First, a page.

Sunday, 1 April 2012
Following in the footsteps of Stieg Larsson and Henning Mankell, Jo Nesbo is the latest Scandinavian literary phenomenon to sweep the murder mystery genre and yet again turning it on its head with bleak Nordic landscapes, mind boggling plot twists and a memorable protagonist in the form of Detective Harry Hole. With The Girl With The Dragon Tattoo and Wallander proving amazing hits with the USA and Europe, it was only a matter of time before someone took all this and turned it into a big screen adaptation. However, before Martin Scorsese brings Harry Hole to the cinema sometime in the next couple of years, some folks in Nesbo's native country of Norway opted to to adapt his lesser known and seemingly utterly terrific stand alone thriller, Headhunters (Hodejegenre).
Starring Aksel Hennie, the film tells the tale of corporate headhunter Roger Brown, an insecure and desperate man who resorts to stealing works of art to provide for his wife's expensive tastes in life. Upon a chance encounter at the opening of his beautiful wife's new art gallery, he goes on one last heist for a piece of art belonging to a mysterious ex-marine by the name of Clas Greve (Game of Thrones' own Jamie Lannister, Nikolaj Coster-Waldau) which is thought to be worth hundreds of millions of krones. Unsurprisingly when the heist goes wrong and Roger stumbles onto a bigger plot, which results in a deathly chase on his own life, the film desecnds into an action packed journey of total, utter carnage the stuff of which Nicolas Winding Refn would be proud of.
Where Headhunters proves to be one of the stand out releases in the cinema, so far this year, is in its completely seamless merging of various sub-genres. It opens almost as this strange caper parody, where this suave businessman who loves his wife just goes on a To Catch A Thief-esque night life of stealing glorious pieces of art and sleeping with his mistress then coming back to his mundane job in the morning. Yet curiously as the film progresses and plot twists are revealed all over the place, the film morphs into this smartly written, no holds barred action film full of pretty mental violence and intense car chases...with a tractor...and an unfortunate end to a dog. But anyway...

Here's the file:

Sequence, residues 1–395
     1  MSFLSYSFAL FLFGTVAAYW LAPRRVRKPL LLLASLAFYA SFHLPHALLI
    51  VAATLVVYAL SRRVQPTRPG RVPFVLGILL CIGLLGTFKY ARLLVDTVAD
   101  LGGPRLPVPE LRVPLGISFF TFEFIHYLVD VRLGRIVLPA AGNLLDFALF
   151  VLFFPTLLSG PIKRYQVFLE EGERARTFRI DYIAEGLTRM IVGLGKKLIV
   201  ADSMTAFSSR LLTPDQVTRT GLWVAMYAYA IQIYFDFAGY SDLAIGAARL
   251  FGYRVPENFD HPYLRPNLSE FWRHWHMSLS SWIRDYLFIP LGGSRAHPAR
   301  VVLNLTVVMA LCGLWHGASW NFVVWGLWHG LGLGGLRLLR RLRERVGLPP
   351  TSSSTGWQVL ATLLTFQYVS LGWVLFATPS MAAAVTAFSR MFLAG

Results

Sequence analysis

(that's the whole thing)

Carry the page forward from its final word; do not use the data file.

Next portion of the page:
From the same company, Yellow Bird, that brought the original Wallander series and The Girl With The Dragon Tattoo adaptations, one of the most telling things about Headhunters is how the money generated from the success of the previous two franchises has clearly reaped dividends in this superior, clearly bigger budget feature.The production quality was just lifted to a much more measured and mature level, with some terrific pacing and slick story-telling.
The quality of actors was also evident, with Hennie proving to be an endearing lead as the protagonist, while Coster-Waldau plays a role not unlike his devious, backstabbing, complex, silent assassin persona of Jamie Lannister in the excellent Game of Thrones, as the villain of the piece Clas Greve. Special mention must go to the blonde beauty of Synnove Macody as Roger's wife Diane and Eivind Sander as Roger's partner in crime, the utterly bonkers, gun and prostitute obsessed Ove.
If you didn't know Jo Nesbo from constantly seeing his books on the shelves of Waterstones, then you'll undoubtedly have your interest peaked after seeing this highly charged, genre-bending, carnage inspiring, action packed example of a film in Headhunters. It has action, intensity, a lot of really creditable black humour and some terrific performances and a few really choice moments which will give the more risque moments of films like Drive a run for their money. The Scandinavian invasion continues. Hunt it out right now. Well, what are you waiting for?
Headhunters is in selected cinemas throughout the UK from April 6th, 2012.